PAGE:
Try the Machines at the Gym.
The various machines at gyms each feature a different muscle group and easily explain with diagrams how to use the equipment. Since a machine takes your muscles in a fixed path of movement, it’s often a safe place for beginners to start and help them get familiar with muscle’s range of motion. You also can ask people who work at your gym to show you how to properly use a piece of equipment. Don’t be discouraged by the unfamiliar. With a little sense of adventure and a desire for a strong body, you can be going from machine to machine in no time—working all of your muscle groups.
Try a Strength Class at the Gym or a DVD.
Most gyms have a variety of strength training classes, such as sculpting or conditioning classes; circuit classes; and boot camp workouts. In these classes you may use free weights, body bars, hand weights, medicine balls, resistance bands or other equipment. I will attest to the fact that this is how I do my strength training. I am addicted to teaching group fitness!
As you strength train you will naturally get stronger and will find you are progressively increasing the weight you lift. You also will be amazed at how regular strength training can make you more conditioned and prepared for your cardio workouts. Your body will NOW crank out a few extra calories even when you are sitting at your desk!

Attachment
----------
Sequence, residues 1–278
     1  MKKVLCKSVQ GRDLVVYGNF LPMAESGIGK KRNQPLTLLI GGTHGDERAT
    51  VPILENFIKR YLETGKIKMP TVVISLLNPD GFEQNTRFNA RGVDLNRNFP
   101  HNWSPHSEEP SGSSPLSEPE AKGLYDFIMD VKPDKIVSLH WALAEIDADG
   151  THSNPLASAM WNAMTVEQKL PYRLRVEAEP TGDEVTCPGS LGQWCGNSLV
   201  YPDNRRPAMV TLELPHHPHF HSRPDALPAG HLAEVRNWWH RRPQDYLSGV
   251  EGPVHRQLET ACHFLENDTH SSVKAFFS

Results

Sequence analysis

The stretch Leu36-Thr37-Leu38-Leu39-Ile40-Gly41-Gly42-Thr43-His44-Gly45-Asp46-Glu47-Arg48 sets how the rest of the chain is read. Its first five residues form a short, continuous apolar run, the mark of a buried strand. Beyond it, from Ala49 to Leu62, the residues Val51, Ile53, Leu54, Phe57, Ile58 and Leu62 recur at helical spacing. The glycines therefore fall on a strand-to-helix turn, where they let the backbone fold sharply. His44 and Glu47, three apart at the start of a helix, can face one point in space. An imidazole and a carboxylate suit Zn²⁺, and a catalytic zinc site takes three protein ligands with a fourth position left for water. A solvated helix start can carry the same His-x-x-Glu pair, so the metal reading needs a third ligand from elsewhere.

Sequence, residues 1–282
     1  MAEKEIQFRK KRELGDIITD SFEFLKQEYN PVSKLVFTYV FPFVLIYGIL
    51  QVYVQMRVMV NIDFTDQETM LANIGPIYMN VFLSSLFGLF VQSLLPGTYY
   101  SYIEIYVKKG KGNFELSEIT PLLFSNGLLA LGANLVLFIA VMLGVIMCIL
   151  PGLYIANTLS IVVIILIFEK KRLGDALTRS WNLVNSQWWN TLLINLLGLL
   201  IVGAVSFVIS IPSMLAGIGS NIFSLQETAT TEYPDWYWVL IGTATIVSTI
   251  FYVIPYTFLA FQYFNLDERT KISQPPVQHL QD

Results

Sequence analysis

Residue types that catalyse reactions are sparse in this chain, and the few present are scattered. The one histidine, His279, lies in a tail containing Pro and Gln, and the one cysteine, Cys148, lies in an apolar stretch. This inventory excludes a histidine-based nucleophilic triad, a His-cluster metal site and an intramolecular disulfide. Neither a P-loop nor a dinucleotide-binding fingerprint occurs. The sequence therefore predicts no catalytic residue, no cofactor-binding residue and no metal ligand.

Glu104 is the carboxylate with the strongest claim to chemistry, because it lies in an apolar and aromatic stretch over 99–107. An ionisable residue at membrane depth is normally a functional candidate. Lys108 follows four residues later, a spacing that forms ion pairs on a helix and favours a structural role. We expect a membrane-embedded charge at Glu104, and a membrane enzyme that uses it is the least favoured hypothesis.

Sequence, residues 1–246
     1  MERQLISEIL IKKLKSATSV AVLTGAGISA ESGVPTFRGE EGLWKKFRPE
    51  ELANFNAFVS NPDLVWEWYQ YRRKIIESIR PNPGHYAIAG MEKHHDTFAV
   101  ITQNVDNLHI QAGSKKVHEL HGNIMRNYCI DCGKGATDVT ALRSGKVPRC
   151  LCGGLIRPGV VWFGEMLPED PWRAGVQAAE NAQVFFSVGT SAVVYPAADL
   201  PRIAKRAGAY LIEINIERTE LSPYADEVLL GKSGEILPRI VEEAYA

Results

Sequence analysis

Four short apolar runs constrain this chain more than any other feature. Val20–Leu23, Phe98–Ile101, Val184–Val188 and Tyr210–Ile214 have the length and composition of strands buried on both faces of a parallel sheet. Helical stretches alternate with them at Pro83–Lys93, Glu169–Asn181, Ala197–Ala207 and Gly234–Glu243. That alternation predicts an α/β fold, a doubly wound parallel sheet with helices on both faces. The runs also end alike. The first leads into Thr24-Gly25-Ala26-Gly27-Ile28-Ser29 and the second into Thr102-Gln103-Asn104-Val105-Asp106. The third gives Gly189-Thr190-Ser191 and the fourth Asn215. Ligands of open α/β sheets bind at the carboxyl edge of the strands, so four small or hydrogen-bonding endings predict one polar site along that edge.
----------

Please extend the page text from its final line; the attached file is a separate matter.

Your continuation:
About the Author
Chris Freytag is a health and fitness expert, blogger, author and motivational speaker. She has been teaching fitness classes and personal training for over 20 years. She is a contributing editor for Prevention Magazine; the fitness contributor for the NBC affiliate in Minneapolis; and sits on the Board of Directors for the American Council on Exercise.
Chris has authored 5 books; has created dozens of fitness DVDs; is a top trainer for Exercise TV; and sells her signature line of healthy kitchen and fitness products on QVC. Visit Chris' website, www.chrisfreytag.com, and Facebook page for more information.